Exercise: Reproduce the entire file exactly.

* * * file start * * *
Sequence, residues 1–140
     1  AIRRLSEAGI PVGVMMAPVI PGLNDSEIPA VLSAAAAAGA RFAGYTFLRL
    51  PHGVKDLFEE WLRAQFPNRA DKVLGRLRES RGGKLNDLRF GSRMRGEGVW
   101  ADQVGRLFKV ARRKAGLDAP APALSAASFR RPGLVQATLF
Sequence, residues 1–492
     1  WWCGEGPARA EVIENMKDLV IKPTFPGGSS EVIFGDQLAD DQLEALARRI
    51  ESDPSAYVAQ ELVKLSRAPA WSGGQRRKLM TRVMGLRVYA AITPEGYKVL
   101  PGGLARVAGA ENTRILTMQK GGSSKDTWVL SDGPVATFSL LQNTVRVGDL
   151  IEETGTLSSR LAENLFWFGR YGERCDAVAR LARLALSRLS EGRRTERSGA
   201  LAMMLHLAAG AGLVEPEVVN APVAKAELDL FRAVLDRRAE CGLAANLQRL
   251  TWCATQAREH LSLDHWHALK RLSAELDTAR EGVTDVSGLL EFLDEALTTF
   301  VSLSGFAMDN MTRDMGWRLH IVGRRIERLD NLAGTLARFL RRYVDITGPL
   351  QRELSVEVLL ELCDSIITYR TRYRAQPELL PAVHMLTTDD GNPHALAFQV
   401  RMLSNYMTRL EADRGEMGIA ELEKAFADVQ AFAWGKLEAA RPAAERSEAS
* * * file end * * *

Sequence, residues 1–140
     1  AIRRLSEAGI PVGVMMAPVI PGLNDSEIPA VLSAAAAAGA RFAGYTFLRL
    51  PHGVKDLFEE WLRAQFPNRA DKVLGRLRES RGGKLNDLRF GSRMRGEGVW
   101  ADQVGRLFKV ARRKAGLDAP APALSAASFR RPGLVQATLF
Sequence, residues 1–492
     1  WWCGEGPARA EVIENMKDLV IKPTFPGGSS EVIFGDQLAD DQLEALARRI
    51  ESDPSAYVAQ ELVKLSRAPA WSGGQRRKLM TRVMGLRVYA AITPEGYKVL
   101  PGGLARVAGA ENTRILTMQK GGSSKDTWVL SDGPVATFSL LQNTVRVGDL
   151  IEETGTLSSR LAENLFWFGR YGERCDAVAR LARLALSRLS EGRRTERSGA
   201  LAMMLHLAAG AGLVEPEVVN APVAKAELDL FRAVLDRRAE CGLAANLQRL
   251  TWCATQAREH LSLDHWHALK RLSAELDTAR EGVTDVSGLL EFLDEALTTF
   301  VSLSGFAMDN MTRDMGWRLH IVGRRIERLD NLAGTLARFL RRYVDITGPL
   351  QRELSVEVLL ELCDSIITYR TRYRAQPELL PAVHMLTTDD GNPHALAFQV
   401  RMLSNYMTRL EADRGEMGIA ELEKAFADVQ AFAWGKLEAA RPAAERSEAS